More recently, the results of the phase III Iressa Pan-ASia Study (IPASS) which compared gefitinib versus the combination of carboplatin and paclitaxel in untreated patients with NSCLC adenocarcinoma histology added to the cumulative data in regards to these biomarkers [2]. EGFR mutation data was available only for 437 patients (35.9%). Of these, 261 (59.7%) patients had tumor with a mutation: 140 (53.6%) had exon 19 deletion, 111 (42.5%) had a mutation at exon 21 (L858R), 11 (4.2%) had a mutation at exon 20 (T790M), and 10 (3.8%) had other mutations. Progression-free survival (PFS) was significantly longer among patients receiving gefitinib than among those receiving carboplatin/paclitaxel in the mutationpositive subgroup (P < 0.001) and significantly shorter among patients receiving gefitinib than among those receiving carboplatin/paclitaxel in the mutation-negative tumors (P < 0.001). The overall response rate (ORR) was 71.2% with gefitinib versus 47.3% with carboplatin/ paclitaxel combination in the mutation-positive subgroup (P < 0.001) whereas in the mutation-negative subgroup the ORR was 1.1% versus 23.5% (P = 0.001) for those who received gefitinib and conventional chemotherapy, respectively [2].

Other randomized studies such as INVITE trial (gefitinib as single agent versus vinorelbine in chemonaive elderly patients) [19], INTEREST trial (gefitinib versus docetaxel in previously treated patients) [20], and the TRIBUTE trial (erlotinib with carboplatin/ paclitaxel versus carboplatin/paclitaxel alone) [21] failed to reveal a survival advantage in patients with EGFR FISH positive tumors when treated with TKIs. TRIBUTE demonstrated an improvement in TTP in patients who received erlotinib despite no OS benefit [21]. These results are difficult to interpret due to the lack of uniform sampling and testing and interpretation among these studies. Thus, a consensus guideline has been developed for analysis and interpretation of the EGFR FISH assay including sample preparation and storage, specimen selection, tissue sectioning and assay interpretation by properly trained personnel [22]. Moreover, a consensus from a European workshop was published regarding EGFR mutation testing [23]. It highlighted the importance of close collaboration between all parties involved in the management of lung cancer, who should be tested based on high frequency of mutations, biopsy and tissue sample preparation and fixation. No consensus was reached in regards to what is the best DNA extraction method, but may be tailored based on specimen availability.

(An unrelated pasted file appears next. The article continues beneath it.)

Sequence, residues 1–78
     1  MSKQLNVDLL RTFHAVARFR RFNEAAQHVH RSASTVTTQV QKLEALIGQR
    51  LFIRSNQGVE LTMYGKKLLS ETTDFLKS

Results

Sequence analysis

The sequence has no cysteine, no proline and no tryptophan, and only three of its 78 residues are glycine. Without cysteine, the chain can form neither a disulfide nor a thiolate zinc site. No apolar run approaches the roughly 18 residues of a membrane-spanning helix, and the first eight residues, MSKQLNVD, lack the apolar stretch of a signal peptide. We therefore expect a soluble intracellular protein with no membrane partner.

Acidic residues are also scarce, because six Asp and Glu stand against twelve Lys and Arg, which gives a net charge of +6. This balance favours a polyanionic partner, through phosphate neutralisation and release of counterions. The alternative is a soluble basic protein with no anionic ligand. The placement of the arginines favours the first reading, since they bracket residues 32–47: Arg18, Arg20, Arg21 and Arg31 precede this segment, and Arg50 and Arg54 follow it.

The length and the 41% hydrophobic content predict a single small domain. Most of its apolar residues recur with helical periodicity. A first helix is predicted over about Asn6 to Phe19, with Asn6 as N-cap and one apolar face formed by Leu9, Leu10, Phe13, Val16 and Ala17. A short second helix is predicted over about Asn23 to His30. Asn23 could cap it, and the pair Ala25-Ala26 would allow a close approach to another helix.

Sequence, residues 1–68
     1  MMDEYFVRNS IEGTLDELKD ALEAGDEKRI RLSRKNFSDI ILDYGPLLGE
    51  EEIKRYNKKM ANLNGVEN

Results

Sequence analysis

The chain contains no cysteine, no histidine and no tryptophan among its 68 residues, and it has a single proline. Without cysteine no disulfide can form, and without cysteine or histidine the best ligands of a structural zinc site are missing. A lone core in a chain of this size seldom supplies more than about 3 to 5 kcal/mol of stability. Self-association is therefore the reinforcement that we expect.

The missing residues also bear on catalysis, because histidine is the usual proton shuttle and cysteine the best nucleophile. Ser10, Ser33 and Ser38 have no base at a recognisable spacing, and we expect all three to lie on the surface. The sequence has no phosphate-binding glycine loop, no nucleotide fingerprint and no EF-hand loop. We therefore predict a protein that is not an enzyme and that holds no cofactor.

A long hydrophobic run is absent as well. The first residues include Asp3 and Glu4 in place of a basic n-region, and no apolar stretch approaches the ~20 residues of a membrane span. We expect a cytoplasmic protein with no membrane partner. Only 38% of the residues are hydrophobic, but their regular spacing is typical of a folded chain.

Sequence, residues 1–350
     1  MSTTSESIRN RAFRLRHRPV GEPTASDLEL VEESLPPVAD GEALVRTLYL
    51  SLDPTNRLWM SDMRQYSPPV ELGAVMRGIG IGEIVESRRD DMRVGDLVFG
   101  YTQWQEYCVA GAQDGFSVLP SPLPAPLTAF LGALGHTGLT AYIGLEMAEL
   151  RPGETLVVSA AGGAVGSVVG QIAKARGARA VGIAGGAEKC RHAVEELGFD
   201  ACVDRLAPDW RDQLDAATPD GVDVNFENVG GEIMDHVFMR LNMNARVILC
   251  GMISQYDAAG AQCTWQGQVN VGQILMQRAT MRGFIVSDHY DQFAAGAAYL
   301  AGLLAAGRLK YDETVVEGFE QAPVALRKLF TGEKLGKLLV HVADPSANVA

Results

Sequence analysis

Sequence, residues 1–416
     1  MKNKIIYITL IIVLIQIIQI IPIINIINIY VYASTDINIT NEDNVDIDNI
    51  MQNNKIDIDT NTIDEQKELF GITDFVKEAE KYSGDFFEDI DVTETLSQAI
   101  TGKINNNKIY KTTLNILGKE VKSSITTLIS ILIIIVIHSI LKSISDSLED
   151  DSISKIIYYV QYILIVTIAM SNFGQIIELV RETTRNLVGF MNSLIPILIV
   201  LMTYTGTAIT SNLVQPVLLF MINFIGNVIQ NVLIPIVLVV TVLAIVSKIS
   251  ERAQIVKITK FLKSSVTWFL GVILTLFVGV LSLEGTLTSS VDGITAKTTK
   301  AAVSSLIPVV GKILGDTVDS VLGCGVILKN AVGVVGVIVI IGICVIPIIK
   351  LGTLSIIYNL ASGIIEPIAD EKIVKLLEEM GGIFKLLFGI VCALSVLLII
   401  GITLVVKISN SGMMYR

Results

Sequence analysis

Echinoderm Microtubule Associated Protein Like- 4/Anaplastic Lymphoma Kinase (EML-4/ALK) Translocation

The EML-4 and ALK (already known in anaplastic non-Hodgkin’s lymphoma) genes were identified in NSCLC by Soda et al. [4]. This alteration occurs from chromosome 2p inversion and is found in 3-13% of NSCLC patients [24]. The inversion of chromosome 2 leads to the fusion gene and subsequently, a fusion protein that induces a constitutive activation of the intracellular domain of ALK; therefore, a downstream cascade of events that lead to carcinogenesis [4]. The majority of patients with EML4-ALK rearranged tumors are younger than other patients with lung cancer and is never smokers or light smokers (less than 10 pack/yr) [4,5,25]. Tumors are mostly adenocarcinomas and they do not have EGFR and K-ras mutations [24]. It does not seem to be a difference in the incidence among female and male patients, compare with EGFR mutations.

Initially there have been significant variability and conflicting reports regarding these tumors histologic and morphologic findings. Based on the study by Yoshida et al. [26], we can now say that almost uniformly all ALK-positive tumors have an adenocarcinoma component with few exceptions that we found this translocation in squamous cell carcinomas. ALK-positive tumors have distinct histologic findings compared to ALK-negative tumors. Mucinous cribiform pattern was present in 56% of ALK-positive tumors, as much as 43% of them had a solid signet-ring pattern [26]. There has been observed a lack of significant nuclear pleomorphism, and most of the architecture is composed of solid or acinar growth pattern, cribiform structure, presence of mucous cells with extracellular mucous, and paucity of lipidic growth [26]. However, no a single histologic parameter was still completely sensitive or specific to predict ALK rearrangement.

Lung adenocarcinomas which have these histologic characteristics and are negative for EGFR and K-Ras should be tested for EML-4/ ALK translocation. IHC has proven to be a reliable way for screening specimens in a daily routine practice because is less time consuming and cheaper than performing FISH analysis on the specimens [27]. However, FISH still remains the standard and only FDA approved tool for testing for EML-4/ALK rearrangement.

Shaw et al. [5] proposed the use of EML4-ALK translocation as a predictive biomarker of resistance to EGFR TKIs. Of the 19 patients with ALK translocation, no clinical response (as defined by CR + PR) to the oral EGFR TKI erlotinib was observed in comparison with 70% response rate in patients with EGFR mutations (P < 0.001). Recently, the United States Food and Drug Administration (US FDA) approved the use of crizotinib (formerly known as PF-01241066), an inhibitor of ALK and c-MET receptor TK, which has activity on ALK mutant tumors. In the clinical trial conducted by Kwak et al. [28] the ORR was 64% and an impressive disease control rate (CR + PR + SD) of 90% in 50 patients with metastatic ALK mutant lung adenocarcinomas of the lung in patients treated with crizotininib [28]. Herein, there were 5 patients who were treated with this novel agent as first line, and response rate was 80%. This novel ALK inhibitor was approved without a phase III clinical trial due to the overwhelmed data of the impact of genetic abnormality presence as a target for novel agents not only in lung cancer but also in many other tumor types.